Ever since he came into this league, Brandon Ingram has had ginormous and arguably unfair expectations.
Being selected second overall in what was believed to be a two-man draft is one thing. Being selected by one of the league’s most storied franchises along with that is another. Those two combined is sure to generate a lot of pressure to be great.
Before LeBron came to LA, Ingram was supposed to be the leader of the Lakers’ next generation of success. King James coming to town changed the course a tad, but with him on the team, Ingram was believed to be his second-in-command. Considering that title was previously held by the likes of Dwyane Wade and Kyrie Irving, that was a tall order to ask of a third-year player like Brandon.
Thus far, the results have not been bad. They just haven’t been as substantial as Lakers faithful would have hoped. Ingram is currently scoring 16.3 points a game on 46.6 percent shooting from the field including almost 30 percent from three in 32.7 minutes a game on average. Along with that, Ingram is also averaging almost five rebounds and three assists a game.
Again, those are adequate numbers. They are just not satisfactory given where the bar was set for him this season. Compare the numbers he’s putting up to what they were last season. Ingram averaged 16.1 points on 47 percent shooting including 39 percent from distance along with 5.3 rebounds and almost four assists in 33.5 minutes a game. The expectation for Ingram was for his game to take another step forward. As you can see, he hasn’t done it.
His net rating doesn’t help his case either because right now, it’s not positive or negative. As it stands, according to NBA.com, Ingram’s net rating is zero. In retrospect, he’s not hurting the Lakers, but he’s not helping them either.
In his defense, his stagnated progress as a playmaker may have come from the Lakers adding a few too many playmakers this summer. LeBron, Rajon Rondo and Lance Stephenson are all used to having the ball in their hands to be the most effective players they can be, and Michael Beasley is a score-first wing. It’s a little hard to reach your potential when the ball isn’t in your hands a fair amount of the time.
Ingram also didn’t ask for this. He was thrust into such an important role so early into his young career that there was bound to be some hardship. The man is only 21 years old and doesn’t boast one second of playoff experience. Now he’s expected to help a LeBron-led Lakers team fight through the basketball equivalent of a warzone that is the Western Conference.
Because of that, Brandon does not have time to wait. He has to produce consistently now if the Lakers hope to go on a lengthy playoff run. At first glance, those expectations seem unrealistic, but the reason why he has so much asked of him is that we have seen him prove himself as the jack-of-all-trades player that the Lakers have wanted him to be.
Remember when the Lakers experimented with the “Point Ingram” offense last season? Until Ingram suffered an injury that derailed almost the rest of his season, the experiment was getting favorable results. From Jan. 26 to March 1, Ingram averaged 18.4 points on 52.1 percent shooting including 46.7 percent from three as well as 5.5 rebounds and 5.4 assists. The Lakers went 9-6 in that span and were plus-10.1 with Brandon on the floor, so he has shown that he can help your team win if he’s the focal point.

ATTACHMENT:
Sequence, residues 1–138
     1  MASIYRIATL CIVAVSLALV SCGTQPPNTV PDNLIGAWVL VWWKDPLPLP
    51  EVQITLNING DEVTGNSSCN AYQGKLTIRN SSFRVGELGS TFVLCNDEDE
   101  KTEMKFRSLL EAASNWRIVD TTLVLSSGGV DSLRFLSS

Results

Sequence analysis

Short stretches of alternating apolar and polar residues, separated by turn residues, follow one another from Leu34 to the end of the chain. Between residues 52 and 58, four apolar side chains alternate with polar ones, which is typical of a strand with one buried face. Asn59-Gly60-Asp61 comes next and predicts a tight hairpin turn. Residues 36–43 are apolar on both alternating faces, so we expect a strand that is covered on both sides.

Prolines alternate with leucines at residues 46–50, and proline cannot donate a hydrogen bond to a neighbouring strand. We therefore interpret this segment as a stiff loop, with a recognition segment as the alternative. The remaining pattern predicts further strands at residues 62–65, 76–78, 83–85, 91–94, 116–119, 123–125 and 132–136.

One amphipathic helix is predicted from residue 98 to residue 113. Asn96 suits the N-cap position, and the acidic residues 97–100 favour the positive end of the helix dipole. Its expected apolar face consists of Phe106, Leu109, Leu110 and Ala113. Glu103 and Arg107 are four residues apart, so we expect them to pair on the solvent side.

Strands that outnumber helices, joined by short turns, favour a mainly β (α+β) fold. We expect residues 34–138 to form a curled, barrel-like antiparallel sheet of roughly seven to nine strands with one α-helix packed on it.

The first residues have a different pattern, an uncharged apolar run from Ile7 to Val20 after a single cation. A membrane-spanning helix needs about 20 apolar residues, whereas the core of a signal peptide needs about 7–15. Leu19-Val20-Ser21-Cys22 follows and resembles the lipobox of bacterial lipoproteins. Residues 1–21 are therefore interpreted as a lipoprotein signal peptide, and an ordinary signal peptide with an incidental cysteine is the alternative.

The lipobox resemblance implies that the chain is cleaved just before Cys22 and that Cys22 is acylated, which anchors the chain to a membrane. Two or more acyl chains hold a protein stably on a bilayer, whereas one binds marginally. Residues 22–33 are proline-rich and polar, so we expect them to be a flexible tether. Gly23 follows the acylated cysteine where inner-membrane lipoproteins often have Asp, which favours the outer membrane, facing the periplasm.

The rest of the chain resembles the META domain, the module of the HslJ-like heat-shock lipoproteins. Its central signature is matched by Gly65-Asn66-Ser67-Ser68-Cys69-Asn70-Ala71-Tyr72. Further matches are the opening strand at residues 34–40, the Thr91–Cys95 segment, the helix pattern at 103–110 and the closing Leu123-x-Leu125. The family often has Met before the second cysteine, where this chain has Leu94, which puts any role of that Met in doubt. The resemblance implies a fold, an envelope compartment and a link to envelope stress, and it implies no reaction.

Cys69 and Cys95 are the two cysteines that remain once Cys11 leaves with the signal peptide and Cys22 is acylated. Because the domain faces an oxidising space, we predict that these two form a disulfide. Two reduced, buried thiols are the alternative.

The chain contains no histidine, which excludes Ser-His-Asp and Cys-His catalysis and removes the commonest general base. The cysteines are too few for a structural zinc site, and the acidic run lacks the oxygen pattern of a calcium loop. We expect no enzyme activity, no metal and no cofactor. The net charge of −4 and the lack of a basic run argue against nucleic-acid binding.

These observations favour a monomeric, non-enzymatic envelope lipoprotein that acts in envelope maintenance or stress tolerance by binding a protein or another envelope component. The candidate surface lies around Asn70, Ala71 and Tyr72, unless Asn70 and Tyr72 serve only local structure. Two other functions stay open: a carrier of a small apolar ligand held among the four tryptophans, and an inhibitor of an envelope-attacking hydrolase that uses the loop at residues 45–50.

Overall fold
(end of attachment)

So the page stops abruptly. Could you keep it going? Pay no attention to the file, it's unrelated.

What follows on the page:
When LeBron’s on your team, you can’t really be the focal point. In Ingram’s case, he has to adapt to a supplementary role which he hasn’t exactly run with. In fact, Kyle Kuzma has outshined him in that regard. Recently, however, circumstances have given Ingram the chance to prove himself. Sadly, it hasn’t gone all that swimmingly for him.
Recent injuries to LeBron and Rondo have forced Ingram into a bigger role as a facilitator. With an increase in playing time and the ball in his hands more, he still hasn’t exactly taken it up a notch.
In 36 minutes per game, Ingram’s averaged 17.8 points on 45.8 percent shooting, along with 6.5 rebounds and 4.3 assists. That’s an improvement compared to his numbers overall, but that stat line also includes shooting 27.3 percent from three and 3.4 turnovers on average per game. Worst of all, the Lakers have gone 5-8 in that span and have been a minus-7.9 with Ingram on the floor.
Just because he hasn’t filled the void left by LeBron does not mean that all is lost for him this season. The Lakers as we know it are going through even more changes at the moment. With LeBron and Rondo coming back within the next week or so, and Lonzo Ball out for the next four to six weeks, this is a rare chance for Ingram to prove that he can blend in with his well-repped teammates.
Ball’s absence will create more playmaking opportunities for Ingram, and this season, metrics show that he actually has played well next to both Rondo and LeBron. Currently, Ingram and Rondo paired together make for one of the Lakers’ highest two-man net ratings, as the Lakers are plus-10.2 when both of them share the floor. His net rating with LeBron is lower at plus-1.6, but that’s still positive, call it what you will.
If the Lakers are to prove they can play with the big boys, they need Ingram to step up to the plate. Right now, only LeBron and Rondo are safe bets to bring their A-game to the table when and if the playoffs come around. The veterans the Lakers have are either old or unpredictable. Their other young guys, as good as they’ve been, are inexperienced with Brandon being no exception. It’s a lot to ask for him to take on that load,
There is the possibility that Ingram just doesn’t fit with what the Lakers are trying to do. The only way to know for sure is to see how he does over the latter half of this season.